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Thursday, May 23, 2019
BANGKOK, Apr 9 2010 (IPS) - For press freedom advocates, it was bad enough, though not totally surprising, to hear that the government had shut down the opposition media amid the state of emergency in the Thai capital. But alarming to them is the gagging even of independent news sites.
“There is a mistaken notion that we are supporters of the red shirts,” Chiranuch Premchaiporn, director of the independent Thai news website Prachatai.com said in an interview with IPS, referring to the red-clad protesters that have been demonstrating here for the fourth week to get the government to call for a new election.
“I have to say again that we are an independent media organisation that does not take sides with anyone in particular,” she explained.
Prachatai.com – which means ‘free people’ – is one of the 36 websites singled out for blocking by the government in a directive approved Thursday. Most of the other sites were media outlets by opposition groups themselves.
But “we will continue to follow events and I hope (the government) will see us in a proper light, that we’re just doing our duty in informing the public about what’s happening,” added Chiranuch, who is out on bail on a lese majeste charge due to comments that were not removed from Prachatai’s discussion board in 2009.
Thus far, Prachatai’s English-language site, Prachatai.org, is still on.
Also blocked were an FM community radio and online sites, including the red shirts’ YouTube channels and pages on Facebook and Hi5.
Thai media activist Supinya Klangnarong says that banning these websites is “simply wrong”.
“This government worries too much,” Supinya, the head of the Thai Netizens Network, said, referring to the government of Prime Minister Abhisit Vejjajiva. “It has become so fearful that they tend to exaggerate and see the Internet as the enemy when it is not. The Internet is a space for different views to be discussed.”
The government hopes that shutting down some communication networks of the red shirts will weaken the protests, which on Friday continued despite the emergency decree. That decree was instituted on Wednesday night, after a group of protesters broke into Parliament grounds.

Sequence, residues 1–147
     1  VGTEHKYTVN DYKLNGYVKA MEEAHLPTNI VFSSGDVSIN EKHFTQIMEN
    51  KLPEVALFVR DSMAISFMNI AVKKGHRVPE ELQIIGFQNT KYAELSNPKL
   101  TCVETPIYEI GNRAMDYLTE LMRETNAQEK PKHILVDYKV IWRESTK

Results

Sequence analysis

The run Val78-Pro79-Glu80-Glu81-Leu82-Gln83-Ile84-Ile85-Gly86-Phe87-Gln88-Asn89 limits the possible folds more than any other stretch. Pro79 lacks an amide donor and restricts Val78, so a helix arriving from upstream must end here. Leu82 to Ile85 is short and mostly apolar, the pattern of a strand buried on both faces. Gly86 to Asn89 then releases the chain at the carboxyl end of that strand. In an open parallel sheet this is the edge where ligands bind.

Tens of thousands of protesters remain at the Rajprasong intersection, which they have occupied since Saturday.
Sathit Wongnongtoey, Abhisit’s office minister in charge of shutting down the media sites, said the opposition media content “contained distorted facts and was aimed at inciting unrest”, according to news reports Thursday.
Thai anthropologist Yukti Mukdawijitra says the crackdown on opposition media sites “is just something they had to do” but is unlikely to be permanent. He, however, feels that the government has let its Achilles’ heel show by these acts of censorship.
“I think it shows that the government can’t calm down the protesters and so they try to give a semblance of control by doing something else, that is, ban the opposition’s media sites, which is something they have control over,” said Yukti, deputy dean and graduate programme director of Thammasat University’s sociology and anthropology department.
Supinya agreed: “This government is very insecure and believe that shutting down opposition sites will help them control the situation.”
But she says that shutting down these sites while leaving government-backed media institutions untouched – which has already drawn rallies from the red shirts — will upset the public. “Television is almost one-sided and biased for the government side,” she says.
The Thai Journalists’ Association questioned the “double standard” being employed by the government. “…The government continued to use state-owned radio and TV stations to present one-sided information,” it said in a statement. “The government also allowed other radio stations and another satellite TV to present similar content of state media, which could lead to further rifts in society.”
Overall, Chiranuch says she is worried that with the blocking of Prachatai, people would not be able to access diverse and more independent information and this could lead to further confusion and fear-mongering.
“It can be a frightening thing for both the protesters and the general public not to have access to reliable information,” she said.
Yukti finds it sad that Prachatai’s independent coverage has been twisted by other groups as sympathy with the red shirts. “If you report about the red shirts, you would most likely be identified with them. I don’t think the public cares about these (episodes of) web censorship,” said Yukti.
People react negatively to media bans when their personal space is attacked and majority of Thais see the Internet more as “personal space” for networking instead of a political venue, Supinya notes.
“A temporary shutdown of sites is fine but not if it’s permanent, which will definitely invite negative reactions from the public,” she said.
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